• Focus on community and connection: use technology to sustain teachers' learning communities, not just create documents to prove that we're working from home. Provide spaces for teachers to come together with each other for support as they try new ways of teaching and learning. When we feel connected together, we think and work differently.

3) Organization

While working from home, we may or may not have the necessary spaces and supplies to coach well remotely, but both are essential to our success! You don't need a fancy home office, all you need is a small space to call your own—even if that space is portable. It's important to organize the surroundings we have and set ourselves up for successful coaching from home.

  • Choose your workspace: it might be an office, a corner of a room, the dining room table or even a portable tote. Gather your supplies—your digital devices, books and curriculum materials, notebooks, writing utensils and more—and keep them close to hand.
  • Organize your digital files: instructional coaches work with multiple curricula, assessment plans and teacher resources so working from home makes it even more important to organize them. Consider creating Google Drive folders to organize your coaching materials, even color coding them if you wish.
  • Live by your calendar and daily lists: we might not be thinking too far ahead ourselves right now, but our calendar and note-taking apps can help us feel more in control. Plan your day on your calendar, just as you would if you were in school, and create daily intentions to keep you focused.

4) Enthusiasm

Instructional coaches often have deep reserves of enthusiasm to support teachers and cheer them on from the sidelines. So how do we maintain this enthusiasm when our own is probably waning from time to time?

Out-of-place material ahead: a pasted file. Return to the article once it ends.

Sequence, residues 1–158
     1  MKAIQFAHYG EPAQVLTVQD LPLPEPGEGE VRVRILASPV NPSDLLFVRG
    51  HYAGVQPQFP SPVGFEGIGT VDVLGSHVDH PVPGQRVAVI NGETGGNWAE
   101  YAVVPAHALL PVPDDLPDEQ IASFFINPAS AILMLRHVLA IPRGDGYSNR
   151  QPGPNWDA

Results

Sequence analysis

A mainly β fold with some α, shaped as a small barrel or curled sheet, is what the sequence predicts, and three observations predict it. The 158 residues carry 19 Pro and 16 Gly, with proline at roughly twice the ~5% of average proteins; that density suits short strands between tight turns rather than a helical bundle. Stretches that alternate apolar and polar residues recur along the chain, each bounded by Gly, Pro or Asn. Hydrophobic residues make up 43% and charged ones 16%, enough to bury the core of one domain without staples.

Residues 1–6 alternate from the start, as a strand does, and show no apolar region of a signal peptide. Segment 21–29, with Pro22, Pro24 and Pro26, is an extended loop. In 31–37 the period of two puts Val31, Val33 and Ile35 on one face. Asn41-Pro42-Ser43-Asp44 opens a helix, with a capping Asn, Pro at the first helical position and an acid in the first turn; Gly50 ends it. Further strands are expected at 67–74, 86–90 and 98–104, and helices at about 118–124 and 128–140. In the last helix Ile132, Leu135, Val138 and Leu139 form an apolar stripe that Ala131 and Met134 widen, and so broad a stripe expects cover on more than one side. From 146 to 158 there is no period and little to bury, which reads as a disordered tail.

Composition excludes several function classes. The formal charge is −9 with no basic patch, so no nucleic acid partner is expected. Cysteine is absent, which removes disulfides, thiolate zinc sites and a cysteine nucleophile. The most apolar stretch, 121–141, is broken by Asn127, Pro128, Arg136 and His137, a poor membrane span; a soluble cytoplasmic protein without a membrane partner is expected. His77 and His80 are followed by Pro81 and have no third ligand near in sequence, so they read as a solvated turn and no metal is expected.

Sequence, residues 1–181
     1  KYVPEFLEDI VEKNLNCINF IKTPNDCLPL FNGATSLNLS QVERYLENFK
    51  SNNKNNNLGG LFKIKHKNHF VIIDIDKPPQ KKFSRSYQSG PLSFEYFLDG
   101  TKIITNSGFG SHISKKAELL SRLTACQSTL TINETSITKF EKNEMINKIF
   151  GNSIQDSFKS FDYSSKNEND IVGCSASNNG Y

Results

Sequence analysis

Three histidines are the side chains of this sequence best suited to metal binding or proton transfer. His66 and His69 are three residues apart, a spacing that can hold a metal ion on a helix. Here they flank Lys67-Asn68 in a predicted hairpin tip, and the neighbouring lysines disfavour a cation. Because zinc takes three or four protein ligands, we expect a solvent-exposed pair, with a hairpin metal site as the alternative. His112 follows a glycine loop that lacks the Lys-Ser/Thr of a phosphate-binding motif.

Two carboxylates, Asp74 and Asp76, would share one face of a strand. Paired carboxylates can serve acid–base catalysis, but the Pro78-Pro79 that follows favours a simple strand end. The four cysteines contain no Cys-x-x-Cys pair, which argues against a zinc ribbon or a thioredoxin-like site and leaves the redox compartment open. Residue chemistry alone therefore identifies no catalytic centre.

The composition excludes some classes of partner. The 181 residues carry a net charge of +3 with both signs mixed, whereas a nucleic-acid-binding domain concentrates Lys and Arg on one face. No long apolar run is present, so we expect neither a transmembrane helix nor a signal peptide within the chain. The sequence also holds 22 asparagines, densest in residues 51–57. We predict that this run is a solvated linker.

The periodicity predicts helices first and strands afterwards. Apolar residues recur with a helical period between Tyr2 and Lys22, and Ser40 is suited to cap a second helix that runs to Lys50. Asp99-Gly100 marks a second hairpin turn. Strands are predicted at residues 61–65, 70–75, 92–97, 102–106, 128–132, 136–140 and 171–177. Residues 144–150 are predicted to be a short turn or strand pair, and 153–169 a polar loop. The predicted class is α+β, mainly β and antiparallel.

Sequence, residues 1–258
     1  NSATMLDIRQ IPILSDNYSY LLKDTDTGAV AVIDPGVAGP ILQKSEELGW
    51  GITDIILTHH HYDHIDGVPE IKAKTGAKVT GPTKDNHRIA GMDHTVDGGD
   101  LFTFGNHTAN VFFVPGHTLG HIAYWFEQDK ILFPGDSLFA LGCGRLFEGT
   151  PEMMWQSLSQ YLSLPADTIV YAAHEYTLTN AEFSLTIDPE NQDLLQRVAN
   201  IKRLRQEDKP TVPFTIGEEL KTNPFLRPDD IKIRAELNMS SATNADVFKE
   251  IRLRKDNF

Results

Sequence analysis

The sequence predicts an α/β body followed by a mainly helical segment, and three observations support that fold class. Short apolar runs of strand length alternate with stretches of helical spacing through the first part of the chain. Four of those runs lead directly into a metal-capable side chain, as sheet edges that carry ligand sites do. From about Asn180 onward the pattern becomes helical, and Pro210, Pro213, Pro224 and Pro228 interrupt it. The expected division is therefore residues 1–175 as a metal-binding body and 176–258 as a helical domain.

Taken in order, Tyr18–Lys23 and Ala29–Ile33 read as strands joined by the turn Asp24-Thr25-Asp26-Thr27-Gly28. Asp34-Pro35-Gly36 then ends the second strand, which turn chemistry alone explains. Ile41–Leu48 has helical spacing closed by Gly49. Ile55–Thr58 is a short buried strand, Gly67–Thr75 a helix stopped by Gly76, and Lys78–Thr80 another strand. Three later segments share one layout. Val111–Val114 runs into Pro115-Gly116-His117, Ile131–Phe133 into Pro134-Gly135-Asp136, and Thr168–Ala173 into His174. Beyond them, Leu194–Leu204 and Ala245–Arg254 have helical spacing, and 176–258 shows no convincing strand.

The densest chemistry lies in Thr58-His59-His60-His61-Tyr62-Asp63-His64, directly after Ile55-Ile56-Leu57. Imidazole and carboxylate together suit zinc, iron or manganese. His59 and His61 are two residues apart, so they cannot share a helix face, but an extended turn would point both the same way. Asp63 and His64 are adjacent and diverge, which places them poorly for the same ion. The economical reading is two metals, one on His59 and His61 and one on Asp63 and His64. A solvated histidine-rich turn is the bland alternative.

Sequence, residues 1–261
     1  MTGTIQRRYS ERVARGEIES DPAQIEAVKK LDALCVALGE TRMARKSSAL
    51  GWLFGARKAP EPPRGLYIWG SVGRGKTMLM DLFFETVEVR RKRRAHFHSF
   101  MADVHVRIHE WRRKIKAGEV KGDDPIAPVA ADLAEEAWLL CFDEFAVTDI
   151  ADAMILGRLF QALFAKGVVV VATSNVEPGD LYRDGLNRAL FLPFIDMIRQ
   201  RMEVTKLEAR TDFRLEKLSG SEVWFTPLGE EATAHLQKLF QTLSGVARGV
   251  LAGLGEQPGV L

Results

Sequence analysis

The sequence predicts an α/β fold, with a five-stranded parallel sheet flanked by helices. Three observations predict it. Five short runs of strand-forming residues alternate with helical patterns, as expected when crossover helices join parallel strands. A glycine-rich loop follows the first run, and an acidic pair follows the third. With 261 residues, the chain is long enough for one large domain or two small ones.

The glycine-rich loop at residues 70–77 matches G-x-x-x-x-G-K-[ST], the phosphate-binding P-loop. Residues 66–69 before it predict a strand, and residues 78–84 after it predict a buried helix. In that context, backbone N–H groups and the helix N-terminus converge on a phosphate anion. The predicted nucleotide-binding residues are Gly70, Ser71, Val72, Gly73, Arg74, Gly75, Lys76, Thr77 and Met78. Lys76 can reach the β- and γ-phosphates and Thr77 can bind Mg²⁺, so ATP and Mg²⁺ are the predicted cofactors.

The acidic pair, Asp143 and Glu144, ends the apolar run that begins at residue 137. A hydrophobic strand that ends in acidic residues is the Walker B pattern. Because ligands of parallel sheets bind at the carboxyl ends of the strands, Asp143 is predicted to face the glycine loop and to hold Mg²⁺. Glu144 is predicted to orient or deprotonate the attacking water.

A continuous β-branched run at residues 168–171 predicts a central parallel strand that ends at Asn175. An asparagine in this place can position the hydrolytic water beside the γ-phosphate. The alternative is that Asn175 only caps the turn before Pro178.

• Start each day with a positive intention: think about the work ahead and vow to find at least one bright spot as you move through your day.
  • Make your environment a positive one: tape inspirational quotes to the side of your computer, leave sticky notes of encouragement on the wall, print graphics and memes that brighten your spirit and insert them into picture frames. Bring in nature, if you can: small air plants and succulents can brighten even the tiniest spaces.
  • Find a fellow coach for support: reach out to the other coaches in your district or connect on social media instead. Browse hashtags like #LiteracyCoaching, #educoach, #instructionalcoach, or #PD4uandMe.

Final note

While nothing can truly prepare us for coaching during a global pandemic, there are steps we can take and mind-shifts we can make to tackle the work ahead. The lessons we learn each day open up new possibilities for coaching when we return to school, a gift to appreciate as we search for gratitude in these challenging times.

Watch Stephanie's video overview

HubSpot Video

About our Guest Blogger

Stephanie Affinito is a Staff Associate in the Department of Literacy Teaching and Learning at the University at Albany in New York. She has a deep love of literacy coaching and supporting teachers' learning through technology. Stephanie creates spaces for authentic teacher learning that build expertise, spark professional curiosity, and foster intentional reflection to re-imagine teaching and learning for students.

Additionally, she presents regularly at state and national conferences on literacy coaching, teacher collaboration and supporting teachers' reading, writing, and learning through innovative technology.

Be sure to check out her recently published book with Heinemann Publishing, Literacy Coaching: Teaching and Learning with Digital Tools and Technology.

Illustration by Ouch.pics.